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Highland Paradise Competition fights to keep traditions alive

Saturday 25 May 2024 | Written by Losirene Lacanivalu | Published in Art, Culture, Education, Features, Food, Go Local, National


Highland Paradise Competition fights to keep traditions alive
Apii Te Uki Ou students show their weaving skills. LOSIRENE LACANIVALU / 24052455

Apii Arorangi was crowned the overall winners of the 2024 Highland Paradise Cultural Competition held on Thursday.

The competition featured three Rarotonga schools, Apii Te Uki Ou, Apii Takitumu and Apii Arorangi, who took part in the umu preparation – the traditional way, weaving, and taking part in coconut husking.

While Apii Arorangi was crowned the overall winner, Apii Te Uki Ou walked away with first place prize in ukulele and umu making (earth oven) competitions.

Ministry of Cultural Development Reo Maori advisor Raemaki Karati said the competition began with the umu preparation, lighting of the umu, preparation of the food, wrapping of the food “the traditional way” and covering the umu.

Apii Arorangi students in coconut husking competition. LOSIRENE LACANIVALU / 24052451 / 24052454

Karati said some students took part in the weaving, showing good craftsmanship and some took part in a fun coconut husking exercising.

“We had the coconut husking, and we had to put a little bit of fun in it, the kids enjoyed it.”

Karati said it was his first time to be at the competition since returning from New Zealand. He was happy to see the students involved and taking part in the cultural activities.

Apii Takitumu teacher Anjima Ruarau said the school’s years 5 and 6 students, who were around nine and ten years old, joined the competition.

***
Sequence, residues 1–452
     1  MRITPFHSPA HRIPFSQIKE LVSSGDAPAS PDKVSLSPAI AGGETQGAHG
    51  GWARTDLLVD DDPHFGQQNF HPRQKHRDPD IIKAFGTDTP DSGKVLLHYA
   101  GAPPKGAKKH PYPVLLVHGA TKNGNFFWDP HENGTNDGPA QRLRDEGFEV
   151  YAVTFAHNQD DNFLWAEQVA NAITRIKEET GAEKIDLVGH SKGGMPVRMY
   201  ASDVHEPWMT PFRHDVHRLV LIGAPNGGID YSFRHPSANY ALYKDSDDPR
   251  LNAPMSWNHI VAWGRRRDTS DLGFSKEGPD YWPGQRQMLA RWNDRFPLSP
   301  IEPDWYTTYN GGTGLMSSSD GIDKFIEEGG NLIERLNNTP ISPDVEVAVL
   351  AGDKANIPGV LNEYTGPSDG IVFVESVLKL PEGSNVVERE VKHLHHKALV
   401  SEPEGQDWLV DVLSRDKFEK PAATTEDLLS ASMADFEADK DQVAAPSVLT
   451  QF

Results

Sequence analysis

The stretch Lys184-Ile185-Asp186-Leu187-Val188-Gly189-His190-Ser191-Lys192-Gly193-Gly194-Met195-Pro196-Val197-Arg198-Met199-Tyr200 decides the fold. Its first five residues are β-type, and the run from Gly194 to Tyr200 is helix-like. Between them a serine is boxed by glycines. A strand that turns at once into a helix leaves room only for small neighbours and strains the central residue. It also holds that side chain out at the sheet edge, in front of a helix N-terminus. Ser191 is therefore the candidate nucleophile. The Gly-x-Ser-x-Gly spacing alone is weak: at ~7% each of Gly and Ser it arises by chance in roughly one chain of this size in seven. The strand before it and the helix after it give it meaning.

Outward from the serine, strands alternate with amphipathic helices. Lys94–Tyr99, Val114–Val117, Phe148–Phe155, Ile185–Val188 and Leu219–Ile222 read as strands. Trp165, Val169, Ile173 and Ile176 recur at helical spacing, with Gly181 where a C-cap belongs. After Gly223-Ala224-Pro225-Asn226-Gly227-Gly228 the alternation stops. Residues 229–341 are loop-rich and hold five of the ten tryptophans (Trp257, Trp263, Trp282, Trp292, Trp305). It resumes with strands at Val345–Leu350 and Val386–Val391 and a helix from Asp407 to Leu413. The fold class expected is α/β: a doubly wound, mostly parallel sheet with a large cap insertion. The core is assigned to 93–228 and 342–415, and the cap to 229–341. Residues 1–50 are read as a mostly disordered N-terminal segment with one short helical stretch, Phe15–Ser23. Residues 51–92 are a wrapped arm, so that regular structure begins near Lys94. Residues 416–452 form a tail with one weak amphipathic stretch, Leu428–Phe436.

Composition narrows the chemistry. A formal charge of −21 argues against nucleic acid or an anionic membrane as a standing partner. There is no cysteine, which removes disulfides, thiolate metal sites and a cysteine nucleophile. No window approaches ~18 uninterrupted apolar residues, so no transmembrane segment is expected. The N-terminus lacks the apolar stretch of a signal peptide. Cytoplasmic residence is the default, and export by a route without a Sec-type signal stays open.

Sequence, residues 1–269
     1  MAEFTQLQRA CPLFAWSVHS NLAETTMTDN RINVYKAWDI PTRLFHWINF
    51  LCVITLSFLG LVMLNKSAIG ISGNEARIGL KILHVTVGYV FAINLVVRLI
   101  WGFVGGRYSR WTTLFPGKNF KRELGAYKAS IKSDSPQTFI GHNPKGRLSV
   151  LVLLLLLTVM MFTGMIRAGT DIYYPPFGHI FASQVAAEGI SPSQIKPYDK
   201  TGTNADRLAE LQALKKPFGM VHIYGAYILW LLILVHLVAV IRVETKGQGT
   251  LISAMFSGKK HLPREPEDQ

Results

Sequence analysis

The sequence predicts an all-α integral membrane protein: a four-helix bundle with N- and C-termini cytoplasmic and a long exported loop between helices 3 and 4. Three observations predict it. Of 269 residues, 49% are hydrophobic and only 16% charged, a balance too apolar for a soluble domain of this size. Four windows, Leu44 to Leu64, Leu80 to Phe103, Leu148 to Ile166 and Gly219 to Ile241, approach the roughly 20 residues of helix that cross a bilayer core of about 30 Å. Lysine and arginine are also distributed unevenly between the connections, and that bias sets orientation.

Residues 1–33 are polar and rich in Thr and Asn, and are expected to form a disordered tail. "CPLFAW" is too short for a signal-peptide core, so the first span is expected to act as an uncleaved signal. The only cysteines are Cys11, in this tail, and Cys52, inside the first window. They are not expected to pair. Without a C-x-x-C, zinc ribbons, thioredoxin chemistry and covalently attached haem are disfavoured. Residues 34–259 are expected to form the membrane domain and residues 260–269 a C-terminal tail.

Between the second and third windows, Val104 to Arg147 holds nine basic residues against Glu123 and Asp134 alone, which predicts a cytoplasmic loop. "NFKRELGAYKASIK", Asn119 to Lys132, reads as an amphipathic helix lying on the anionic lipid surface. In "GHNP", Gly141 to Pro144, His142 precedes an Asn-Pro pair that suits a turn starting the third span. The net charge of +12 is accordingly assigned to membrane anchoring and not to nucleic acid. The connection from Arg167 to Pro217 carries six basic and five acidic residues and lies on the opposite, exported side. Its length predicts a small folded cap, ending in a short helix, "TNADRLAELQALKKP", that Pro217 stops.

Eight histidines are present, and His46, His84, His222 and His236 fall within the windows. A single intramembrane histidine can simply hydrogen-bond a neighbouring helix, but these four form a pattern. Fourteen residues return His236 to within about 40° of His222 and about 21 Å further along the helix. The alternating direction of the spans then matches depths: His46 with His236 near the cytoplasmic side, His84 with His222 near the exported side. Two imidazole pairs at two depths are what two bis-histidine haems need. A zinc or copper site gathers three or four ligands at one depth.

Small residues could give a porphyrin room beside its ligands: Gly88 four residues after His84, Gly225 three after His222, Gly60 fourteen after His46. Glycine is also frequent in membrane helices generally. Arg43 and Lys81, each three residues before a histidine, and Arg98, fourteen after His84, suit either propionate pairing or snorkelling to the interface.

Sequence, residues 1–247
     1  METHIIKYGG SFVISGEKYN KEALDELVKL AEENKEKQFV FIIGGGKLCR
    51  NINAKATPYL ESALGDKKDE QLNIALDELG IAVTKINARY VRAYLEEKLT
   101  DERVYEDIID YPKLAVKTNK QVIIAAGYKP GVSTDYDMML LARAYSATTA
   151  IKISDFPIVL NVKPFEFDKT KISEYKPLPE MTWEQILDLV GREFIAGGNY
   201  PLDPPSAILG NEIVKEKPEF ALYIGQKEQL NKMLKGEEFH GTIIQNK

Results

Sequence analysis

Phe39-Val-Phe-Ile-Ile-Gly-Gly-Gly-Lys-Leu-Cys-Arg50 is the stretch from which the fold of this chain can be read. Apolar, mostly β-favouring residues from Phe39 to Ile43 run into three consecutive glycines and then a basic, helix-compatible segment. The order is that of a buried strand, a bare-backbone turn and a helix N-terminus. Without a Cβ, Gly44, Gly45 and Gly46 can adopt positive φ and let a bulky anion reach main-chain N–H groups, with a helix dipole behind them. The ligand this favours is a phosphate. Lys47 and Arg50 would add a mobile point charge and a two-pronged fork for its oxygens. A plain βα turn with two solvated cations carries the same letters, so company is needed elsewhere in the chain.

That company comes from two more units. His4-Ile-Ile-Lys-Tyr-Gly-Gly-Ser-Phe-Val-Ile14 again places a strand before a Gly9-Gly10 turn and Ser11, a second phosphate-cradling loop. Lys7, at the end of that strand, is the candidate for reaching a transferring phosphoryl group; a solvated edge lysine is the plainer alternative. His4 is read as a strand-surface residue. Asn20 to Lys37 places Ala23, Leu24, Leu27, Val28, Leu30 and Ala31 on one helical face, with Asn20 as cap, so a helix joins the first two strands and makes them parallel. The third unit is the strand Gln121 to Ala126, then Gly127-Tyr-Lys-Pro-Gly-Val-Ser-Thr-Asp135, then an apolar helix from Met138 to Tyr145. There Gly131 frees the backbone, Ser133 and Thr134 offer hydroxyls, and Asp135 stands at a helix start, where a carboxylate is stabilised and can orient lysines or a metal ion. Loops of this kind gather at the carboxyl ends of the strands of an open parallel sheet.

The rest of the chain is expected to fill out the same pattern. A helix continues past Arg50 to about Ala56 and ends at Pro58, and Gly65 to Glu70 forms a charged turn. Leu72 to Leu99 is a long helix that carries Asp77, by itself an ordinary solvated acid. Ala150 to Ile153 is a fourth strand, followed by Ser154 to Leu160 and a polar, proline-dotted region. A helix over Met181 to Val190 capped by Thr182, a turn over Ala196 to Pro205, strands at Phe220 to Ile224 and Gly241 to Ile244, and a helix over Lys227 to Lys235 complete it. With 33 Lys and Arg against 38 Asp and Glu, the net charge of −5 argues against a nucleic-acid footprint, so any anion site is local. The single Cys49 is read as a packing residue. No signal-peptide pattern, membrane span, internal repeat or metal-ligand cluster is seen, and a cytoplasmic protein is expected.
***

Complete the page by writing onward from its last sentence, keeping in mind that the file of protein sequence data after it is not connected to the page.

Ruarau said she was proud of her students, who were there to show their support and competing against Year 7 and 8 students from the other schools.

She said the students completed their tasks in the competition with little help from their teachers.

Ministry for Cultural Development director for identity Ngatuaine Maui says it is very important for young people to learn their culture and preserve it.

Maui adds preserving the ways of umu making is a dying act because they feel they don’t have the time to make it, as it requires a lot of work.

Apii Takitumu students show their weaving products. LOSIRENE LACANIVALU / 24052458

“They prefer the conventional oven.”

Maui says the Highland Paradise programme encourages students to learn and preserve their culture.

“We are thankful that Highland Paradise is organising this activity so we’re here to support them in this venture and we’d like to encourage a lot more schools to join.”

Looking at the competition, Maui said they could tell who is taught in their homes on umu preparations and who needed more supervision.

This was the competition’s 10th year, having missed out on some years due to the Covid-19 pandemic.

Teuira (Tutu) Piragi, managing director of Highland Paradise, said they were very happy to host the competition this year and hoped to have this cultural competition included in the education curriculum and become a regular part of their programme.

The prizes (trophies) were sponsored by the Australian High Commission in the Cook Islands. Around 100 students, teachers and parents were at the competition.